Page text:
When George Plimpton asked Ernest Hemingway what the best training for an aspiring writer would be in a 1954 interview, Hem replied, “Let’s say that he should go out and hang himself because he finds that writing well is impossibly difficult. Then he should be cut down without mercy and forced by his own self to write as well as he can for the rest of his life. At least he will have the story of the hanging to commence with.” Today, writing well is more important than ever.
Cheat Sheet Do you want to be the next J.K. Rowling and dream up a character like Harry Potter? Do you want to write poems or plays? Follow this handy Cheat Sheet, which breaks down the process into manageable tasks, and helps you to develop your style.
Published Wed, Jul 8, 2009 by Austin Govella. Updated Wed, Jul 8, 2009. As an editor, I’ve noticed several recurring bad habits you heathens would do well to disabuse yourselves of immediately. Almost without exception, these bad habits instantiate themselves as a series of stock phrases and constructions that reflect a lack of focus, a lack of fully developed argument, or the kind of intellectual laziness that sets in as you slog through your first draft. These things happen, That’s ok.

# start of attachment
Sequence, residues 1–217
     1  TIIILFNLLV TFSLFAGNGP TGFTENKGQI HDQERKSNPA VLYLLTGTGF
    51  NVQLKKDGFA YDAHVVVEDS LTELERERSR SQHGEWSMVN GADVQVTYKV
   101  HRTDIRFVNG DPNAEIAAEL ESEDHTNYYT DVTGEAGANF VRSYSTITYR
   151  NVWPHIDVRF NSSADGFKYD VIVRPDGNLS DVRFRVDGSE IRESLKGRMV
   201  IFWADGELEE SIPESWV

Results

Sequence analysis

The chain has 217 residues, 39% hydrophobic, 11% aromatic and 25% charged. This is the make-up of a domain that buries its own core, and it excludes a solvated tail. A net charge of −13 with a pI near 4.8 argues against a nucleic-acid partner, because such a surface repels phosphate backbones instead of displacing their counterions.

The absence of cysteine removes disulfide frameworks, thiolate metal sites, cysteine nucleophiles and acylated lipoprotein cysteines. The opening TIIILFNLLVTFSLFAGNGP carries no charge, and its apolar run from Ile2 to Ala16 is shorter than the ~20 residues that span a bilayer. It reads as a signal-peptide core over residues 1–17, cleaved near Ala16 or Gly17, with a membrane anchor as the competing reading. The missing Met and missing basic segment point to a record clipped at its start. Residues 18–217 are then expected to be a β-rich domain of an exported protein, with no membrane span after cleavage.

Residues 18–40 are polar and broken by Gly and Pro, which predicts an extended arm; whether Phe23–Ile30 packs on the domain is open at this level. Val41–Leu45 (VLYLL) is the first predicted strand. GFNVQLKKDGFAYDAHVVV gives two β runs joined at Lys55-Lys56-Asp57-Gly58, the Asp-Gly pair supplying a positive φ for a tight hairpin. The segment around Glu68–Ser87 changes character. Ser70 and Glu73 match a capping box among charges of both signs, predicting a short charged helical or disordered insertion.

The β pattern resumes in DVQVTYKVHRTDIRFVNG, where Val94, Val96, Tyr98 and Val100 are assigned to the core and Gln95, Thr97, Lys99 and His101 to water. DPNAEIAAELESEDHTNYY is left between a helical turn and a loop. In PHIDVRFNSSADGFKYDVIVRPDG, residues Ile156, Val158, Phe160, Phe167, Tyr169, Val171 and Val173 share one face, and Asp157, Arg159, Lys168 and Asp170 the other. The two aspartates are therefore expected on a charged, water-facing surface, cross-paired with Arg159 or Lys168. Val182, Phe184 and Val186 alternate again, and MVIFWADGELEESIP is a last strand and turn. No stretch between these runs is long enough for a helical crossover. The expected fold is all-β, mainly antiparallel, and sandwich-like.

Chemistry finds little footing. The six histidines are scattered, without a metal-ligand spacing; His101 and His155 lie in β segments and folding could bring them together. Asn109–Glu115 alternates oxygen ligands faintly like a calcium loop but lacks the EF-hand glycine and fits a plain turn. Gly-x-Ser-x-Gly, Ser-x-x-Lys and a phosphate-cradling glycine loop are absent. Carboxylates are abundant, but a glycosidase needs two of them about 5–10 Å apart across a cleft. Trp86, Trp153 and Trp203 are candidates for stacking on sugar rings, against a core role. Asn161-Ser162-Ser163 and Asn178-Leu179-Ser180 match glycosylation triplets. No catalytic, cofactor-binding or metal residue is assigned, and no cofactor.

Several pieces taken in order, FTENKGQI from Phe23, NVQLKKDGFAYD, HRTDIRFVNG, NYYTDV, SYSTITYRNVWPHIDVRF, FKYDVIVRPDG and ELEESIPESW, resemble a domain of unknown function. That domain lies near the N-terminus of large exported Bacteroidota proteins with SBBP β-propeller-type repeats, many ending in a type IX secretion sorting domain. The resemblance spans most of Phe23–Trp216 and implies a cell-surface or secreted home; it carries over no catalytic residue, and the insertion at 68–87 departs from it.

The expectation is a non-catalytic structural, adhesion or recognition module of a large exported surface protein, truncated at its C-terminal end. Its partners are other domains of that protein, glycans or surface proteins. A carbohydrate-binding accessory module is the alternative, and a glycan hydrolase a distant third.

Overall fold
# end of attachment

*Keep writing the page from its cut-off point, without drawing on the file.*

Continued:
I do a lot of copyediting, both of books and advertising collateral. I’ll let you in on a secret that still surprises me, although I’ve seen it hundreds of times now. If you looked at the raw work of most professional writers, you’d be pretty underwhelmed. Professional writers get work because they hit their deadlines, they stay on message, and they don’t throw too many tantrums. Some pros have a great writing voice or a superb style, but as often as not, that gets in the way. When you know that the best word is “prescient,” it’s hard to swallow when an account manager tells you the client won’t know what it means.
How to Plot and Write a Novel: Plan Your Novel Writing with the Snowflake Method | Suite101.com The Snowflake Method of Writing a Novel|Kathryn McCallum
A guest post by Simon Townley of WriteMindset
You've heard of freewriting, certainly. At its most basic, it's about forcing your internal editor to stay away while you splash your most raw and unusual thoughts onto the page. In Accidental Genius: Using Writing to Generate Your Best Ideas, Insights, and Content (2nd edition, revised & updated), Mark Levy tells how he uses freewriting, not only to loosen up his writing muscles, but to solve business problems of all kinds. Levy, author, writing teacher, and marketing strategist, shares a few "secrets" for making freewriting an indispensible tool: